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About this book: For more than twenty-five years, the author of this book has been studying the craft of quilting as it is still carried on, particularly in South Wales, and in Durham and Northumberland. With the help of a grant from the Rural Industries Bureau, Mrs. Fitzrandolph has herself visited many scores of the Quilters who continue actively to work at their ancient craft as a means of livelihood. In this book, she has gathered together the traditional lore of Quilting which she has learned at first hand from those who were practising it. It would be misleading to convey the impression, however, that Mrs. Fitzrandolph's book is no more than a dead historical record. Quilting is still very much a living craft and, through the work of the Rural Industries Bureau and of the Women's Institutes, it is one which is now once again on the increase. A most important aspect of this book is therefore its practical use. Mrs. Fitzrandolph describes very lucidly how quilts are made: how the frame is set up, how the patterns are marked, with or without templates, and how they are sewn. She is equally helpful about the materials used in Quilting: the padding and the covers of tradition, including patchwork in handsome, but almost forgotten styles, and the materials which can best be used to-day. Finally, it's important to point out that the author is a rich source of inspiration and example on the patterns most suitable for quilting. The numerous diagrams add greatly to this book's practical use. The 55 photographs will also be of great value to the craftsperson. There is a unique series showing the work step-by-step and there are illustrations of a few museum examples of quilts made during the last 200 years to show their affinity to the present day work; quilts which are still preserved in private homes and of modern work in great variety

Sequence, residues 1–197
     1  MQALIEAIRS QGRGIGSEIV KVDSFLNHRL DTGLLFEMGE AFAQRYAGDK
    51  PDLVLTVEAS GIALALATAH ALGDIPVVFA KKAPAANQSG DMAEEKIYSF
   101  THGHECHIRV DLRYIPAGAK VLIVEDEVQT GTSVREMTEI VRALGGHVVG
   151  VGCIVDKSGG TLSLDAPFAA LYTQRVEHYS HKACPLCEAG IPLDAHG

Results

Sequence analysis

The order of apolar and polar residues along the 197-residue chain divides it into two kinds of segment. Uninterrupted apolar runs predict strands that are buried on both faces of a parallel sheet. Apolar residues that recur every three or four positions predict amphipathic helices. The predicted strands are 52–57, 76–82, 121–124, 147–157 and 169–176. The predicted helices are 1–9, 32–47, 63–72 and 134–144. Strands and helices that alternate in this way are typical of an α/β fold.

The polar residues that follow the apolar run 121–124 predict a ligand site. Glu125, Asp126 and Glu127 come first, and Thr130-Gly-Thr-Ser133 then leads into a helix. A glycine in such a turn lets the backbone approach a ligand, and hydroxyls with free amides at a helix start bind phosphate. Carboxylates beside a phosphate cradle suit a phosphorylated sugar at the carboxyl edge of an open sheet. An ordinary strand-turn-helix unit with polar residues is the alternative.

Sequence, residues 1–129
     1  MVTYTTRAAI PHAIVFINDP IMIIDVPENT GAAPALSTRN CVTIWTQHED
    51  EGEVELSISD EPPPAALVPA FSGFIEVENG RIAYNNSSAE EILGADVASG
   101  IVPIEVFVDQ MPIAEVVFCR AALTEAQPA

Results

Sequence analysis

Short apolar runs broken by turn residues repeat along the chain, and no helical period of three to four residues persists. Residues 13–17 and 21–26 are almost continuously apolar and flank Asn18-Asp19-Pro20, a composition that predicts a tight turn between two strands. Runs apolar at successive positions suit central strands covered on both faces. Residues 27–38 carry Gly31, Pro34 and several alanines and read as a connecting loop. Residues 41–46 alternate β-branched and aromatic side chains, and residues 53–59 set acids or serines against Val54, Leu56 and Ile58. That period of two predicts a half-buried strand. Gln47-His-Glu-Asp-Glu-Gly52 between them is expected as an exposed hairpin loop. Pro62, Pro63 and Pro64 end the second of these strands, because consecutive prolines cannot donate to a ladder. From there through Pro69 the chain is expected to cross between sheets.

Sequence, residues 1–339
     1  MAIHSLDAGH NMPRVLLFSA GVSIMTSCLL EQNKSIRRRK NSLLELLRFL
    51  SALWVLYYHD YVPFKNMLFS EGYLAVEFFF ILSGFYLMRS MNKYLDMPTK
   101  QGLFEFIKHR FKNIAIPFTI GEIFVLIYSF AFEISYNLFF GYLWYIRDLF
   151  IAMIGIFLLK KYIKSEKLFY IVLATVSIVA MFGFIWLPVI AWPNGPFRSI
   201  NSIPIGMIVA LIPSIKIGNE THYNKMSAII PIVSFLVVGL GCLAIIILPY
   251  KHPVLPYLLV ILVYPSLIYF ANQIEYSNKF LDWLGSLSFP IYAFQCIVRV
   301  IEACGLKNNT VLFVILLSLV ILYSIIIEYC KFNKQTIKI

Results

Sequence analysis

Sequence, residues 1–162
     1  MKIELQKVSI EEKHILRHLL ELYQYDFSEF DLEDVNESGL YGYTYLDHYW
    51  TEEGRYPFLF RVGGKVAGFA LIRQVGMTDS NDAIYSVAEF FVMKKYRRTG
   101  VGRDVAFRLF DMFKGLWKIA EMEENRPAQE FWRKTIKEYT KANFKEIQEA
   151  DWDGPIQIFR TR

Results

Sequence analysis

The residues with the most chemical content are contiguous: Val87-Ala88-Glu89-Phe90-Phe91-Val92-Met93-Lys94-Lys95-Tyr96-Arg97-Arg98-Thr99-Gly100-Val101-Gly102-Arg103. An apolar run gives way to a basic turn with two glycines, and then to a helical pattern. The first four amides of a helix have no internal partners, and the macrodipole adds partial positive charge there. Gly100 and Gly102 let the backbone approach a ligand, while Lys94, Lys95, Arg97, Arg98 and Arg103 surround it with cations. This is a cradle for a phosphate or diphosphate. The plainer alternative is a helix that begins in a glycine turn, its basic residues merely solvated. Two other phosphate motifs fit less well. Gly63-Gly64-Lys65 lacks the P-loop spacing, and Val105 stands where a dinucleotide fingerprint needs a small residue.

Preface; Acknowledgement; List of Illustrations